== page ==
Press Release
March 17, 2011

Use Whistle, Sirens as Early Warning Device for Disasters--Legarda

Senator Loren Legarda today said that early warning systems for disasters need not be high-tech or complicated since simple ones, such as a whistle, could prove more effective.

Legarda, Chair of the Senate Committee on Climate Change, said that aside from being cheap, a whistle is handy and accessible device that can be used any time to warn the people of an impending danger or immediately alert communities should there be a need to evacuate to avert disasters.

She added that the car sirens confiscated by the Philippine National Police through its "No Wang-Wang" policy could be more useful if donated to barangays and used as an early warning device.

"An effective warning and communication device is that which we can use and access anytime. With the advent of technology, we can use our mobile phones or the internet to communicate, but these gadgets are useless without electricity or with damaged cell sites," she explained.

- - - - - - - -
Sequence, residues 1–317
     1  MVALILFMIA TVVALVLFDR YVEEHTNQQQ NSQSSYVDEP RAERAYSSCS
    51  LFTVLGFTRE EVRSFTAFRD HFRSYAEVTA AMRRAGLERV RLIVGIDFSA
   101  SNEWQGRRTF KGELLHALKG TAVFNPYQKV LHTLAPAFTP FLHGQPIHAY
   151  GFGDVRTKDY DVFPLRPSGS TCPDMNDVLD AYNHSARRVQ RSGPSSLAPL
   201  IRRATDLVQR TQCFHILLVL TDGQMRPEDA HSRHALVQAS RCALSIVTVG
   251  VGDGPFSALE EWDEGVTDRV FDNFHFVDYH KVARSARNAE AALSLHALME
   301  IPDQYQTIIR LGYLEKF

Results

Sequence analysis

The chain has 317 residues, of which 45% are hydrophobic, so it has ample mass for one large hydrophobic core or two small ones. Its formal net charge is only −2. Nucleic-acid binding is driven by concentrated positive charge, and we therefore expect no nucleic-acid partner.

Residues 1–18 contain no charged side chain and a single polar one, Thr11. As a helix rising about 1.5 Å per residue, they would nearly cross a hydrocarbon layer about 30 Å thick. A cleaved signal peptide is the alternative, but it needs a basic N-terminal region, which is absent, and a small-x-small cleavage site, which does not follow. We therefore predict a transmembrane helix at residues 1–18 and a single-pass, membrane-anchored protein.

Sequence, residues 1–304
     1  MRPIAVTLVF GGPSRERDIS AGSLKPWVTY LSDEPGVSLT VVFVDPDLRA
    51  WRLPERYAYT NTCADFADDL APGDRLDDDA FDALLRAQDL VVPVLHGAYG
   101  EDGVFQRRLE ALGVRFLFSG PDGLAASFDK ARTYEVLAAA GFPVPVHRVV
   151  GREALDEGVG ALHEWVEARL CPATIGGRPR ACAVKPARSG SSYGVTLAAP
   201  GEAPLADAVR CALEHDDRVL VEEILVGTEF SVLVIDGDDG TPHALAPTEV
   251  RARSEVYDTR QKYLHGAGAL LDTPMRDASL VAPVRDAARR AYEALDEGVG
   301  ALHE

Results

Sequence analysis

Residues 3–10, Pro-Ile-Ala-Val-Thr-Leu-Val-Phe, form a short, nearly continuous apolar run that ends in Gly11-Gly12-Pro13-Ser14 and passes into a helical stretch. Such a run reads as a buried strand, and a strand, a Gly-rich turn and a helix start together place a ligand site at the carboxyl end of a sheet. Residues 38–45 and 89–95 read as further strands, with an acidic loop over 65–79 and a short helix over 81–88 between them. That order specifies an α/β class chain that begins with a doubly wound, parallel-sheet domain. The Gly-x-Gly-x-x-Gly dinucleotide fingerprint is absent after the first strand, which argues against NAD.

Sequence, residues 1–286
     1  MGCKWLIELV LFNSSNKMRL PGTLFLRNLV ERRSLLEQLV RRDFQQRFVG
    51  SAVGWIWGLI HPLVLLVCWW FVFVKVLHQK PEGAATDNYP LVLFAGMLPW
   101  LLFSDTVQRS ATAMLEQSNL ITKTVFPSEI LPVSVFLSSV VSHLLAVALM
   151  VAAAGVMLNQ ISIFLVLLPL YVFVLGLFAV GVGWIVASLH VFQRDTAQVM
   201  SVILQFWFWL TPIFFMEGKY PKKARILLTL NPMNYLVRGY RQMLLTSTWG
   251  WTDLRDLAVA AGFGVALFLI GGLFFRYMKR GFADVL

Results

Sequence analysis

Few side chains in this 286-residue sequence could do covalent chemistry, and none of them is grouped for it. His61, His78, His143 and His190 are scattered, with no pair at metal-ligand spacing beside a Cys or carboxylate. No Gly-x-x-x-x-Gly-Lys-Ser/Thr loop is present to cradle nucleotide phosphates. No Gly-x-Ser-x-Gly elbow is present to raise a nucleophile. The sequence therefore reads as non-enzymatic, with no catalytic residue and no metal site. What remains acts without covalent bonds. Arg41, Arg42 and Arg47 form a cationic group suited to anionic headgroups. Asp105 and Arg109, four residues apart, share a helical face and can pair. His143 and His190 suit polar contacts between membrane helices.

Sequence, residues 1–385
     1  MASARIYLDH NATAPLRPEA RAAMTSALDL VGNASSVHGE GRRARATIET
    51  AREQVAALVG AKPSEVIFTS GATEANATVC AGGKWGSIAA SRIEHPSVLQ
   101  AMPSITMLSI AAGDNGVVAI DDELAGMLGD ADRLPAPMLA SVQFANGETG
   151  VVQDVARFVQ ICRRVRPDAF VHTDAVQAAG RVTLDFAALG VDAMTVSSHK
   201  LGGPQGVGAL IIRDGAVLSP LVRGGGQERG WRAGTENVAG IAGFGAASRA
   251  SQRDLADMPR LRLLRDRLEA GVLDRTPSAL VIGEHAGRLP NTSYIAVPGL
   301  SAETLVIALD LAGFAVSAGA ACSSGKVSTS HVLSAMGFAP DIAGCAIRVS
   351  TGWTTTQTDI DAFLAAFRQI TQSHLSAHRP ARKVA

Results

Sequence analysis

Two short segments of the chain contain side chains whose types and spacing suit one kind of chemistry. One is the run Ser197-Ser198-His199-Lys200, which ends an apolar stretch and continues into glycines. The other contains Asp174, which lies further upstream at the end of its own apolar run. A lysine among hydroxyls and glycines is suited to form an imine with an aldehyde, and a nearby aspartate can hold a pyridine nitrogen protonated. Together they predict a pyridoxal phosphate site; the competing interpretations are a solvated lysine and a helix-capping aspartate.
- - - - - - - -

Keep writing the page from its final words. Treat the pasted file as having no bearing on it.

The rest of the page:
"In Bangladesh, people use red flags and local notices given by roving volunteers to warn citizens of an impending disaster," she added.

Legarda said that barangays can use whistles and come up with a code or system so that people would know what to do depending on the length and frequency of each whistle blow.

Furthermore, when hazards such as typhoons are expected, barangay officials and volunteers can do mobile patrolling and use sirens to immediately alert people either to stay indoors or get ready to move to safer places. "Disaster preparedness, which includes the establishment of an early warning system, is essential to minimize loss of lives and property damages when hazards strike. Such system would be effective and efficient only if it is embedded in our communities--meaning, in each of the 42,000 barangays in our country. We have to put this in place immediately. We have no time to lose. A simple blow on a whistle can catch people's attention, and this device could be just the right thing we can use to avert disasters," Legarda concluded.

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